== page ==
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A taste of Japan in Lahore

Uncle Tetsu’s Cheesecake leaves foodies in a love-hate conundrum.

A taste of Japan in Lahore

FOOD REVIEW

With the onslaught of foreign restaurant franchises popping up on Pakistani high-streets, it’s only the most innovative of them all, which have managed to win over the die-hard foodie crowd. From ‘Instagrammable’ gelatos to fusion cuisine, it’s all been a fad quickly catching up with people. However, amidst all the new options, the one that seems to have made it big with the sweet tooth connoisseurs of Lahore, is Uncle Tetsu’s Cheesecake.

IMG4Part of a Japanese dessert chain, Uncle Tetsu’s Cheesecake originally began in 1990 in Fukuoka, Japan and and was founded by Tetsushi Mizokami – the namesake for Uncle Tetsu. It soon became a major brand, and today, has more than 70 shops across China, Hong Kong, Singapore, Thailand, Malaysia, Philippines, Cambodia, New Zealand, Australia, Pakistan and Canada.

The Lahore flagship branch on Mian Memood Ali Kasuri road – which is the first of many to come in the country – has been aesthetically kept in adherence to their international outlook, which features warm shades of red mixed with an open kitchen that’s been done up in white and brown woodwork. Adding onto it is also a Sakura tree in the backyard, which serves as the perfect fusion where the Japanese culture meets the Mughal heritage of Lahore.

Onto the menu in detail, Uncle Tetsu’s is largely a cheesecake specialist, and thus, features the soft and airy desserts at the forefront at about PKR 900 for a cheesecake round. Along with it, the offerings also include biscotti – which have been rebranded as cheese sticks in Pakistan, madeleines, a variety of latte, and a small range of ice-blended drinks that are all under the range of PKR 500 each.

IMG-2To try out the menu, we chose to go with of course, their cheesecake, done two ways – warm, which brings out an eggier flavour, and cold – which brings out an airy, sweet cheese flavour, which visibly is the crowd-favourite. Along with it, we ordered their cheese sticks, which are basically biscotti-style cuts of crunchy, twice-baked cookies made from their signature cheesecake, and their hazelnut latte.

Baking in front of the consumer, the cheesecakes are especially branded with the signature Uncle Tetsu logo before being served and one is asked if they want it to be served warm or cold – depending on personal choice. For us, we were served both the cheesecake with a delay in the middle so that both the difference of flavours could be judged.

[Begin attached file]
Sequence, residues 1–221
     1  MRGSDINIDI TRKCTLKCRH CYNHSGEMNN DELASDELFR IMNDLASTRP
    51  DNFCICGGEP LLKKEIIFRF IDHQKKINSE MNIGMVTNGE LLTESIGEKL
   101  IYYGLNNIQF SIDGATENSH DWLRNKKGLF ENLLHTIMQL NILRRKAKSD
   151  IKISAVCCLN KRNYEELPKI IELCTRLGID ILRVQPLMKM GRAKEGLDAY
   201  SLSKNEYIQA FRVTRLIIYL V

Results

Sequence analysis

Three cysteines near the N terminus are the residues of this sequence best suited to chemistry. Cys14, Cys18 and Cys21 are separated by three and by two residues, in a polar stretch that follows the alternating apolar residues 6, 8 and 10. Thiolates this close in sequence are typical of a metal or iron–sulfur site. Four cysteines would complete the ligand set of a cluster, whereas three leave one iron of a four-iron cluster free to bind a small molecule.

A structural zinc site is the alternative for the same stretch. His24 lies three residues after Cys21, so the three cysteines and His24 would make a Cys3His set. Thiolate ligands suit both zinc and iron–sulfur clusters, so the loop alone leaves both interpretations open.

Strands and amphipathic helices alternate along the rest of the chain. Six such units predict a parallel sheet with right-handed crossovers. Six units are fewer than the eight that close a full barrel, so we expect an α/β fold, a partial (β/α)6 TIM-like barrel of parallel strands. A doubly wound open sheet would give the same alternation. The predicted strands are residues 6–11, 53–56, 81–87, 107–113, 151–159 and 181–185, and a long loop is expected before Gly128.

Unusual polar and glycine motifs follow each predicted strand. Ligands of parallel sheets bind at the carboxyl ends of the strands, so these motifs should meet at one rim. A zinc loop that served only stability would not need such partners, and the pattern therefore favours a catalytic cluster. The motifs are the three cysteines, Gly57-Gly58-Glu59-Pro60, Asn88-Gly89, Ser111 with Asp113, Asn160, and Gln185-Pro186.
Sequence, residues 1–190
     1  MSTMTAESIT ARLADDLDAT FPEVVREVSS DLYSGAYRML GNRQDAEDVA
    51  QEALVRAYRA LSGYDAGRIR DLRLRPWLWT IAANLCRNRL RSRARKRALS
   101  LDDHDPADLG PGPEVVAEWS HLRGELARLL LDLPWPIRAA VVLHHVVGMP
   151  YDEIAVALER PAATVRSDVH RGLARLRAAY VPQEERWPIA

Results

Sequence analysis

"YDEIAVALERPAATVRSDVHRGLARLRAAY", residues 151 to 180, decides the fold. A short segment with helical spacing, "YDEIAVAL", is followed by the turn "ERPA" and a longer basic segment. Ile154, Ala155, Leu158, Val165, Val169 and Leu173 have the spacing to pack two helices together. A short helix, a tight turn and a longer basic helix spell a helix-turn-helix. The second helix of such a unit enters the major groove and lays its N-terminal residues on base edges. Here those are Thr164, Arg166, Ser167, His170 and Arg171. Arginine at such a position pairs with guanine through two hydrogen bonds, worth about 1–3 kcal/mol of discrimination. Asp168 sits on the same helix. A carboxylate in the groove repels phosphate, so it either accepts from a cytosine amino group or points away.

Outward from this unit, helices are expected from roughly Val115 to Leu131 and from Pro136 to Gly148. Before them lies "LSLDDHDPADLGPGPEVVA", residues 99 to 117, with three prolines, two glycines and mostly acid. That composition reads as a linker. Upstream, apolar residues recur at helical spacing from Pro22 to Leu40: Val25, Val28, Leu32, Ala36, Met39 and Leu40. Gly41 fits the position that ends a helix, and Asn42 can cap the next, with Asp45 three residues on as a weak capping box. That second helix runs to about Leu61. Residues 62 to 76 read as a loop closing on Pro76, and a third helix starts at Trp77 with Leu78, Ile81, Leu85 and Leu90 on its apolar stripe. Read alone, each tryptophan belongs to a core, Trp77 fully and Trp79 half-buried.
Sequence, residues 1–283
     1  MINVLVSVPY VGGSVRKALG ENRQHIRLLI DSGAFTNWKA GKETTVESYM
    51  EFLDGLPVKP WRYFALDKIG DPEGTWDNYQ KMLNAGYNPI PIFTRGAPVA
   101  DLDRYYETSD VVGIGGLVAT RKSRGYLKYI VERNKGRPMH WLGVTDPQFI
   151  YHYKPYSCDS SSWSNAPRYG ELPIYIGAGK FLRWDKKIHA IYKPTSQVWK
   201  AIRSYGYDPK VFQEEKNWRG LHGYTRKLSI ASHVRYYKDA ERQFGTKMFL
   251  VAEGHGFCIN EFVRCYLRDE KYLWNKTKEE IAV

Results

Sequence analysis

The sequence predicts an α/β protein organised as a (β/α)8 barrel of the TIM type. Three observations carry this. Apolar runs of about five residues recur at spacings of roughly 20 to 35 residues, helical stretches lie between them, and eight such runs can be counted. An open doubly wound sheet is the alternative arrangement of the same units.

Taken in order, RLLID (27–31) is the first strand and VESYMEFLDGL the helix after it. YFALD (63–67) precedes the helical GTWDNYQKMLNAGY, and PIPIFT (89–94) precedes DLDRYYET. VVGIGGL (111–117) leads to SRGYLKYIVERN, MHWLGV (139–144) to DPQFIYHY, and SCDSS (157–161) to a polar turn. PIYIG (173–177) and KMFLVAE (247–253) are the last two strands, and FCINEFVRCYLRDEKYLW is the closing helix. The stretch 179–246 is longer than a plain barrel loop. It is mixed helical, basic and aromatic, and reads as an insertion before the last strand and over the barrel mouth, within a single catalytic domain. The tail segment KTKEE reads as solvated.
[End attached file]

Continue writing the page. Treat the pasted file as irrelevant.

While the warmer one does in fact, taste eggier and may not be everyone’s cup of tea, it brings out a delicate mix of savoury and sweet that is surely a taste made for the books. It not only is light and airy as they proclaim it to be, but also is a welcome change to the extra-sweet, gluttony-inducing desserts the Pakistani market is accustomed to.

IMG3On the other hand, the colder or rather, cooler version of the cheesecake is also not as sweet as usually cheesecakes are, and instead, metes out a subtler sweet taste, which can be compared to a light caramel flavour. Adding onto the taste is also the cheesiness of the cake, which keeps the taste on a borderline savoury tangent instead of making it sugary-sweet. In many ways, this is far from the sort of cheesecake one finds in bakeries around Pakistan – which may or may not be something everyone likes.

Moving onto the cheese sticks, the taste of the biscotti also is quite similar to cheesecakes in regards to how it changes. When it’s consumed warm, it doesn’t provide a sweeter taste and perhaps, be used as complementary to coffee. While when it’s consumed on room temperature, it definitely is the perfect go-to snack to pick up. However, it’s served in a portable plastic cup, which makes it really non environment friendly; the franchise definitely needs to change this.

IMG6In regards to the latte, this probably is the weakest point of the whole menu, as the coffee does not provide any sort of kick or flavour that is expected out of it. In contrast, it was rather milky, and felt weak. Perhaps, this is where Uncle Tetsu’s could work more on and aim to achieve the same level of quality as they have with the cheesecakes.

That said, Uncle Tetsu’s Cheesecake is still definitely a place to try if the standard fare of desserts has bored one to death. Plus, at prices which are nominal, it’s surely worth trying at least once.

Shahjehan Saleem

One comment

  • You can always find something interesting in Thenews.com.pk . Great read, double thumbs up

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